The Governor, Central Bank of Nigeria (CBN), Mr Godwin Emefiele, on Thursday directed that all charges on deposits should be stopped with immediate effect.Emefiele gave this directive at a news briefing to unveil his policy for the apex bank in Abuja.
“We have become aware of the complaints by customers regarding the charges being imposed for cash deposits.
“The complaints have resulted in customers devising various means to avoid the charges through opening of multiplicity of accounts and other behaviours aimed at undermining the objective of the policy.
“Given these outcomes and to better reflect our goal of having more cash under our control, all charges on deposits are hereby stopped with immediate effect,’’ Emefiele said.
He said that charges on withdrawals, in view of their eventual elimination would remain at three per cent for individual transactions exceeding N500,000 and five per cent for corporate transactions exceeding N3 million.
According to him, currently, the fees go entirely to the commercial banks and should be determined by the CBN.
“However, going forward, the CBN shall determine what percentage of these fees on excess drawings would be redeemed by the bank while the rest shall be remitted to the CBN,’’ he said.
On development finance, he said the CBN would act as a financial catalyst by targeting predetermined sectors that could create jobs on a mass scale and significantly reduce the country’s import bills.
“ The CBN will deploy developmental initiatives to create an enabling environment with appropriate incentives to empower innovative entrepreneurs to drive growth and development.
“The CBN will not be targeting individual companies rather specific sectors and establish rules and criteria that will enable anyone fairly qualified to benefit from the scheme.
“Some of the CBN’s developmental functions will include credit allocation and direct intervention in key sectors of the economy such as power, agriculture, MSME, oil and gas and health,’’ he said.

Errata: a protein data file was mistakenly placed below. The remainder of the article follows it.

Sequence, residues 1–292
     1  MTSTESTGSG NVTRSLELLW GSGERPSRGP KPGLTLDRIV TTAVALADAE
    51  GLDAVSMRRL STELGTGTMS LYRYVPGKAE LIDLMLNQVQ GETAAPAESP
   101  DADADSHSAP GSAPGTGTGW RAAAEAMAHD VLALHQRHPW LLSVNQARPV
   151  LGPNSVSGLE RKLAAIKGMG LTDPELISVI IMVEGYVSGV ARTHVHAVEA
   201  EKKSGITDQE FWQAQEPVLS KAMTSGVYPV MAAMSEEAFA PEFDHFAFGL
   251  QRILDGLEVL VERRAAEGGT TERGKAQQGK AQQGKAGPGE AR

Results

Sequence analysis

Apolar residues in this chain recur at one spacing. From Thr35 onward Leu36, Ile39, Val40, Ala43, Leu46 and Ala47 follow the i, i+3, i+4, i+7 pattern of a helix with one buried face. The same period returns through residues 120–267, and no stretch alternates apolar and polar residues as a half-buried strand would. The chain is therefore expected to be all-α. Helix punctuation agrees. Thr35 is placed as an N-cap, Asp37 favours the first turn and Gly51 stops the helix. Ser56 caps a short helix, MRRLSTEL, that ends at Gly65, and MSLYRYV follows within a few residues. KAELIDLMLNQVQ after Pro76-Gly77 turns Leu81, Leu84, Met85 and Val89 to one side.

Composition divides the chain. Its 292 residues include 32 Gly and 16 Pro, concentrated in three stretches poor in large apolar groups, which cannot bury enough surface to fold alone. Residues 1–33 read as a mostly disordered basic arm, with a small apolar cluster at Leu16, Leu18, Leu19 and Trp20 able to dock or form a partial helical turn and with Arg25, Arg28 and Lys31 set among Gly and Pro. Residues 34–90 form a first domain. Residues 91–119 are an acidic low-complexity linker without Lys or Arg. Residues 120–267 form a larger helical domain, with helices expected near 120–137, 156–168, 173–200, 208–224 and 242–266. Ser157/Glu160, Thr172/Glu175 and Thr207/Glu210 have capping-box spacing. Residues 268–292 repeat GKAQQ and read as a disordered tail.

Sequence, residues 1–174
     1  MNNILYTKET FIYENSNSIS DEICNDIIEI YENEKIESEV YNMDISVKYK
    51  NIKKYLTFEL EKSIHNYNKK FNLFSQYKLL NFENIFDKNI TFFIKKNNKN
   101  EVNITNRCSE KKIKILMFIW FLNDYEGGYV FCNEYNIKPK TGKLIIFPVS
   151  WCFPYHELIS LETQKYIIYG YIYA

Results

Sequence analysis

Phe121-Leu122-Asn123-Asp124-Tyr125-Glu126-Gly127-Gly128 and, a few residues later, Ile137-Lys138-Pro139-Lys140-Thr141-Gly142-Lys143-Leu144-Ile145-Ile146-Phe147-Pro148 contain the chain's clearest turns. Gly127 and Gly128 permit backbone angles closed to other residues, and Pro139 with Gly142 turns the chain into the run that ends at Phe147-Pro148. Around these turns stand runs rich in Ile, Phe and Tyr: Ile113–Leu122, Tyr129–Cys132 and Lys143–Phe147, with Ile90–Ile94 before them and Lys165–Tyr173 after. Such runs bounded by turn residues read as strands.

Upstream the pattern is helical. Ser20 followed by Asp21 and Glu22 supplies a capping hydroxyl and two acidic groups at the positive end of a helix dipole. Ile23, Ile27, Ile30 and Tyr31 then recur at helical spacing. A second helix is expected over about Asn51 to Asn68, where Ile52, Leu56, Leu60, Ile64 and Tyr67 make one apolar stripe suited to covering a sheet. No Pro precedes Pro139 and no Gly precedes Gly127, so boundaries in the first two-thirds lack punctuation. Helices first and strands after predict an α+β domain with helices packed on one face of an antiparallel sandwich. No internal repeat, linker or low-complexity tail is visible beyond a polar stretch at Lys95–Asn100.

Emefiele said the funding of Small and Medium Enterprises (SMEs) in the country had largely been viewed from a social development perspective with the goal of reducing poverty through job creation and wealth.
“We have proposed a business approach to funding SMEs, which requires the strong involvement of the private sector.
“The new framework proposed will combine the profit motives of the private sector and the development objectives of the government.
“It proposes a structure that enables the government to leverage the project selection and credit analysis processes of private sector investors who will place more of their resources at risk in funding the SMEs.
“While the private sector invests more of their risk capital in the selected companies, CBN will focus on resolving challenges such as access to collateral, enterprise development support among others,’’ Emefiele said.
The CBN boss said that aside collaborating private sector, the CBN would also design a programme for Nigerians who need as low as N50,000 without collaterals through registered and accredited local cooperatives.
He said that the bank would encourage venture capital companies and business angels to fund SMEs and invite the Banker’s Committee to play more active role in supporting SMEs.
On agriculture, Emefiele said the CBN would revisit the goals and implementation of its intervention programmes in the agricultural sector to ensure high value addition and provision of funds.
“Interventions in the sector will now be driven toward improving productivity in areas with high domestic demand, where opportunities exist to improve domestic supply and foreign exchange conservation.
“The CBN will facilitate the creation of an ecosystem that will identify and link various local producers and processors with major importers of selected products.
“With the expected increase in local production, identified major importers would be encouraged to act as off-takers to local producers,’’ Emefiele said.
On power sector, he said: “given CBN’s mandate, there is an important role the CBN must play to ensure the success of the power sector reforms.’’
“We will facilitate investment in key parts of the value chain by providing funds at concession rates to targeted investments in the power sector.
“We will encourage investment in the gas to power infrastructure to improve the reliability of supply of gas to the existing and new power plants.
“We will also support investments in renewable energy in rural areas through matching funds schemes, and providing first loss guarantees,’’ Emefiele said.